IEA applauds General Assembly for passing state budget and increasing education funding, cautions against changes made to TRS and SURS

SPRINGFIELD – The Illinois Education Association supports the additional funding provided in the newly passed state budget for both higher education and K-12 education, however the organization has serious concerns about the changes made to TRS and SURS.

There is also money set aside for the expansion of broadband for schools and an additional $45 million for building funds for schools. And in another legislative accomplishment, there was a great IEA-backed proposal for a $40,000 minimum salary for educators, with a four-year phase-in for less wealthy districts, which will continue to increase along with the economy based on the consumer price index.

“This is great news for so many of our members,” said Kathi Griffin, IEA president. “More money for schools benefits students in every way. And, the fact that legislators wanted to see educators earn a decent living is a huge step forward. We still have a lot of work to do on higher ed funding, and there is a group being formed to see to that, and work to do to ensure all members earn a living wage. That’s next on our list.”

In addition to all of the good news, there was also a last-minute pension proposal introduced as part of the budget package that has several components, the most concerning of which is a decrease to 3 percent from the current 6 percent that employers can offer educators in both the Teachers’ Retirement System and State Universities Retirement System for pay increases in the four years used to calculate their retirement without incurring any additional costs.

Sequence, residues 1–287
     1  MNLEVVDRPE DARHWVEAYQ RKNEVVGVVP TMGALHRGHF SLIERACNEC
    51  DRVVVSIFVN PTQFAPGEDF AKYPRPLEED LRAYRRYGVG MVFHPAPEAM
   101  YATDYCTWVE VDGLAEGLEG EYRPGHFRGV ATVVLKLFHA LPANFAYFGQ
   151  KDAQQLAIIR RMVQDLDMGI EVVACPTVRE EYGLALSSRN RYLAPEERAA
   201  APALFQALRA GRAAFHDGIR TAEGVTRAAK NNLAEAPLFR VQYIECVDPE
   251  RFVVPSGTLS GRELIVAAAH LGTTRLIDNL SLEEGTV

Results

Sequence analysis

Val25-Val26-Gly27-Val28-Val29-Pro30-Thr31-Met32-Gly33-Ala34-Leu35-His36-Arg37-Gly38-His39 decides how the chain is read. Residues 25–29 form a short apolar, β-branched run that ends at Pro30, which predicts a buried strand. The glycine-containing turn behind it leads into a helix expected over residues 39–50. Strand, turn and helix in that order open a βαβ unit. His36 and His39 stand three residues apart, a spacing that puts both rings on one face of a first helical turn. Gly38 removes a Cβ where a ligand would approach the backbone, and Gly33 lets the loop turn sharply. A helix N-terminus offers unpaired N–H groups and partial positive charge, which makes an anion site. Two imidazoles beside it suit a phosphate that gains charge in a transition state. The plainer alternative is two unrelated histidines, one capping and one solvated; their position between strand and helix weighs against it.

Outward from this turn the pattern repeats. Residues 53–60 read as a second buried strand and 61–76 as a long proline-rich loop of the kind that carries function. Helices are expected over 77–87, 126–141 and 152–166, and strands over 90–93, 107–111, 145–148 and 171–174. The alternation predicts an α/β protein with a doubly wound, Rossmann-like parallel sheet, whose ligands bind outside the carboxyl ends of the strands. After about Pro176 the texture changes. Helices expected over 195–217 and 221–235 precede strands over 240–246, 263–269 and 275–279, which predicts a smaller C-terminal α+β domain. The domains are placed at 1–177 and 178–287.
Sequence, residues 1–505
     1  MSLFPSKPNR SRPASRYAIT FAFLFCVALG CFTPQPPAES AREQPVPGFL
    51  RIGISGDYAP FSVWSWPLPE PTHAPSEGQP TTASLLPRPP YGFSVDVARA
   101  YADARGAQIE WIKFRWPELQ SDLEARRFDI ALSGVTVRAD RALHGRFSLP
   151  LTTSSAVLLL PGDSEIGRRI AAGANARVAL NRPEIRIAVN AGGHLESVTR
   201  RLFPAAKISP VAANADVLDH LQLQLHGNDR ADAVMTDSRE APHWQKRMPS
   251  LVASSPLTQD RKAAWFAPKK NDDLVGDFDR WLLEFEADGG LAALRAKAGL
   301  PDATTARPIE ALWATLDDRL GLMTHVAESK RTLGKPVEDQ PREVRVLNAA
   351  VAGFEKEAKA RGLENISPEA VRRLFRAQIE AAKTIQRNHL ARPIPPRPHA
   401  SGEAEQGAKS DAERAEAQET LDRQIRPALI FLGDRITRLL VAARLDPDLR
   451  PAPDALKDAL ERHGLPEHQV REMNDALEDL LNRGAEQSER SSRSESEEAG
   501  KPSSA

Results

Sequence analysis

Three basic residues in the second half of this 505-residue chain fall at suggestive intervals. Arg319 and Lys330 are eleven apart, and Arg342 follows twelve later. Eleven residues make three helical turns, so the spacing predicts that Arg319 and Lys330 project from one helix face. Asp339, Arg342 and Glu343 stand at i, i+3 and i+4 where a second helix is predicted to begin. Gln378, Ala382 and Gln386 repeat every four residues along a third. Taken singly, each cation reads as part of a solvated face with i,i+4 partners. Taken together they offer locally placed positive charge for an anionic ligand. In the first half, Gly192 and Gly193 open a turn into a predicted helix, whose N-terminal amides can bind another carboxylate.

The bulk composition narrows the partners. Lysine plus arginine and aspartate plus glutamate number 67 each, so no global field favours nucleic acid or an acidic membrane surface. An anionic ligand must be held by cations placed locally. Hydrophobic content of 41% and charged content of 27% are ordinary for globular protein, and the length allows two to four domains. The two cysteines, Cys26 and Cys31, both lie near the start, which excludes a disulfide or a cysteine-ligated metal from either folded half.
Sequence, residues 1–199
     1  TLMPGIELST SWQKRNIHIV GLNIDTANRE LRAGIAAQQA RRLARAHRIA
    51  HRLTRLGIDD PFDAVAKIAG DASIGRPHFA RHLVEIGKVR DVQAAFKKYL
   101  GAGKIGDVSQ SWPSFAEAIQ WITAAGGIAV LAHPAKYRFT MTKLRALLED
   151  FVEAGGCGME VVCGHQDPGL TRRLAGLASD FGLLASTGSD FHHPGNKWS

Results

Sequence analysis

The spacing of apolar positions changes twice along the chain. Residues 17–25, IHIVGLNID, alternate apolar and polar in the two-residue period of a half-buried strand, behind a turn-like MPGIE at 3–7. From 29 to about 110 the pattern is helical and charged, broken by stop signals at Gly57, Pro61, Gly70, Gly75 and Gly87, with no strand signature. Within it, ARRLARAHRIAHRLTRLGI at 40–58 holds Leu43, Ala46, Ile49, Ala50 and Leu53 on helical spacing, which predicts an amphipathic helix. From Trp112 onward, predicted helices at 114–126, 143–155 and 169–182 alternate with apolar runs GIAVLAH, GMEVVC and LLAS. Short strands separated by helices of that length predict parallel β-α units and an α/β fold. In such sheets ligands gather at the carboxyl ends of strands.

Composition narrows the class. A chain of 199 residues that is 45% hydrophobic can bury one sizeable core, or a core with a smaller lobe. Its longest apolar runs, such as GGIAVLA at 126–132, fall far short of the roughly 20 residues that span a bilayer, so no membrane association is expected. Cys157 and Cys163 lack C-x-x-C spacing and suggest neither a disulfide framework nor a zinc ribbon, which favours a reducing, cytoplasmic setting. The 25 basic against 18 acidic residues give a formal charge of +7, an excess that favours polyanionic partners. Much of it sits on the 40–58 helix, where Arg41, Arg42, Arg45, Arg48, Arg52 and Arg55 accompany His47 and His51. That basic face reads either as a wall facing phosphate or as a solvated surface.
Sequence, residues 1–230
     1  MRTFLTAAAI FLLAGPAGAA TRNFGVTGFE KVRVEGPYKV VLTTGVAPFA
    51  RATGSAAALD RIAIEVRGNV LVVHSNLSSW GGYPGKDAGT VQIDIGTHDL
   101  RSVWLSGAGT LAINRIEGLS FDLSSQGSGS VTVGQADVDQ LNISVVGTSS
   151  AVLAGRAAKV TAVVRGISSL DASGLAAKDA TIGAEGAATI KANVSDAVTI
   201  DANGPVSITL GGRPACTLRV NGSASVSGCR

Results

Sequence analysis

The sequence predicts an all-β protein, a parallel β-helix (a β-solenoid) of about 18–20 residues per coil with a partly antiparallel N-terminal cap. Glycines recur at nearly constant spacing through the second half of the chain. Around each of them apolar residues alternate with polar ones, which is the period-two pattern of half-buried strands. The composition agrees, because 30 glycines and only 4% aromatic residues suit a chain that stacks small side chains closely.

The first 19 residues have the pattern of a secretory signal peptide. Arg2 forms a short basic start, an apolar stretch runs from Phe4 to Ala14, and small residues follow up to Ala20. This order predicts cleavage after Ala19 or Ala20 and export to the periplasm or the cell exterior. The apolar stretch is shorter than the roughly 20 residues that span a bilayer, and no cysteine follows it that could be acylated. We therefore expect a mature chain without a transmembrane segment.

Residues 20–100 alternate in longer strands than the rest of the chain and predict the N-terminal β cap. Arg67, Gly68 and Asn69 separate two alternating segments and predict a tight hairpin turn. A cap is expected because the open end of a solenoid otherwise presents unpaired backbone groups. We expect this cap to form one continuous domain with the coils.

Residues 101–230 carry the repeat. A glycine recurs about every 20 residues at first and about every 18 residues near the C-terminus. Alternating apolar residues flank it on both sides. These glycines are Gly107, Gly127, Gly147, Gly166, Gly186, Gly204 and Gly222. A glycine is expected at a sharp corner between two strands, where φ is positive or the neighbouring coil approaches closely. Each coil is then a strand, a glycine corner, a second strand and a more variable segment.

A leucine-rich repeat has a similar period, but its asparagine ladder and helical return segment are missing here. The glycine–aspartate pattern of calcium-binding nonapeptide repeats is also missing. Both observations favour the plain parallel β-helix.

Because educators can qualify for the pension program after five years, the concern is that employers may want to limit any salary increases to 3 percent, which would deter people from furthering their education, and dissuade people from entering the profession, ultimately lowering the quality of education our students receive.

“At a time when Illinois is facing a teacher shortage, this is a short-sighted and disrespectful move. We need to be taking steps to attract the best and brightest to teach our youth. This is a step in the wrong direction and ultimately harms students,” Griffin said.

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The 135,000 member Illinois Education Association (IEA-NEA) is the state’s largest education employee’s organization. IEA represents preK-12 teachers outside of the city of Chicago and education support staff, higher education faculty, retired education employees and students preparing to become teachers, statewide.

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